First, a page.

The other night I read an article about the Plague of Athens that took place in 430 BC, two years into the Peloponnesian War. The plague, as described by the historian, Thucydides, reminds me of smallpox or Ebola. But it has never been determined just what it was the killed off a third of Athenian Greeks back in the day. Sparta fared better, though what their death rate was, is unknown.
The Spartans were not holed up in a city like the Athenians were. They were out besieging the city. Camping, you see.
Aye, there’s the rub. In an epidemic, it’s good to stay out of cities and stay out of doors. If anything, our present pandemic, truly mild in comparison of just about any other historical disease, has told us the same thing. When disease comes to town, leave.
Yuval Noah Harari, the professor who wrote the book, Sapiens, makes the same point. When we were hunter-gatherers, we didn’t get so sick. There were no epidemics, certainly no pandemics, of virus or bacterium because being nomadic, we humans didn’t stick around long enough in any one place to pick stuff up. Or pass it along to others who lived far, far away. Oh sure, people got sick. But when we stay out doors a lot and move around, not too much sticks with us.
Civilization is a killer. So too is war. That’s because the two seem to go together. That aside, body for body, Mother Nature out performs any bomb or bullet you can throw at us. Even the nukes we dropped on Japan couldn’t do the job that a plague can do. Besides, we can see a bomb coming, and at least try to outrun it. But a meteor? Maybe we see it, maybe we don’t, but a good sized chunk of rock hitting this Earth will kill billions.
Mother Nature knows how to control population size. Humanity? Not so much.
Imagine the Bubonic hitting us now in our overcrowded cities. Even with our modern antibiotics, our hospitals would be way more overcrowded than they were with Covid. Covid had some weird side effects, plus it seems to have a series of after effects as well. But plague?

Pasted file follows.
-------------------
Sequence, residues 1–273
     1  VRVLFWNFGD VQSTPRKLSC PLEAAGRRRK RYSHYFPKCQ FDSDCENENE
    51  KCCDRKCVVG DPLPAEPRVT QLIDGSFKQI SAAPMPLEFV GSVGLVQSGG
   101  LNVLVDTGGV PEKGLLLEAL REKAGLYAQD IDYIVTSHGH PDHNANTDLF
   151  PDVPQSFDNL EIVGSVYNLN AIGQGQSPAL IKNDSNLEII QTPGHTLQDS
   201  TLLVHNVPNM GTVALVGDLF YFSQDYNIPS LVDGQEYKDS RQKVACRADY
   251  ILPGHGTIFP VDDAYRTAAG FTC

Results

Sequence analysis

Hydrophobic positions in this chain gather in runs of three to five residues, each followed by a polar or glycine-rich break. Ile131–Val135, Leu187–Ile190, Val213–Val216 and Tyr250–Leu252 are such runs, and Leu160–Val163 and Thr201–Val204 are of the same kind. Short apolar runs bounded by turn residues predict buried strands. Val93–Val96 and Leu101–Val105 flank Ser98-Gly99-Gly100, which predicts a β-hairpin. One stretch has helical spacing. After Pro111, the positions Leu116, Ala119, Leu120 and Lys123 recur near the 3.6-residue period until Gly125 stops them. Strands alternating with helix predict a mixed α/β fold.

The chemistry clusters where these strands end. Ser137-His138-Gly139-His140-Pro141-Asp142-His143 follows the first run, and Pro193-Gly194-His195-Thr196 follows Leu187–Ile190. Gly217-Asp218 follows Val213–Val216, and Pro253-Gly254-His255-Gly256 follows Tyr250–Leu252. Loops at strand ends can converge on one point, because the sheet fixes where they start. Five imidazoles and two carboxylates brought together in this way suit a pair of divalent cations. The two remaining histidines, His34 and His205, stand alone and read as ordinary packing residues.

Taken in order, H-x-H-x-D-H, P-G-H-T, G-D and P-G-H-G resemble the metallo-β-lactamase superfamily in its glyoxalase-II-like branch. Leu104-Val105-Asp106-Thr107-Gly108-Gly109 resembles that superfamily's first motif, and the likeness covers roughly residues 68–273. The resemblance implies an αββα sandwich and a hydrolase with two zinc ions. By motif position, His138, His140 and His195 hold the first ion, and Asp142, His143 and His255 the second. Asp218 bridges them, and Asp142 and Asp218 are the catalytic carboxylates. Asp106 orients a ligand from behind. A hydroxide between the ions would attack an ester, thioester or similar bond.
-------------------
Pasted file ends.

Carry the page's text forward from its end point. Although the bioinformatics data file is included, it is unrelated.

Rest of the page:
Yersinia pestis, aka, the plague, presents in three different ways: bubonic (the “black” death); pneumonic, (respiratory); and septicemic. How does one get the pestis? Via a flea’s bite. Rodents carry the bacterium. That means those cute squirrels as well as rats, can be deadly. The fleas bite into your cat or dog or you, and off you go into a sea of misery as your lymph nodes swell and push this deadly bacteria through your system. Pray real hard it doesn’t go respiratory on you, because that’s the death knell. For you and others who care for you.
The death rate is about 30-60% for bubonic and septicemic, and 100% for pneumonic.
Nice, huh. See, the past is way nastier. And, it is why we keep our city streets clean.
The point being, the action to take when any pandemic hits is to leave town. Or move out to the yard, and stay there. And for heaven’s sake, don’t fight a war outside your city gates when the people inside are dying. No, find yourself a nice little villa, like the individuals in Bocaccio’s Decameron did, and tell stories for 10 days. Make that 100 days. Of course, you will have to work remotely, and the kids will, sort of, learn remotely. Also, adopt a small business to make sure it can stay in business after the thing finishes making corpses. Think creatively, and fearlessly. As my friend Vern, of blessed memory, used to say: This too shall pass. Your job is live through it.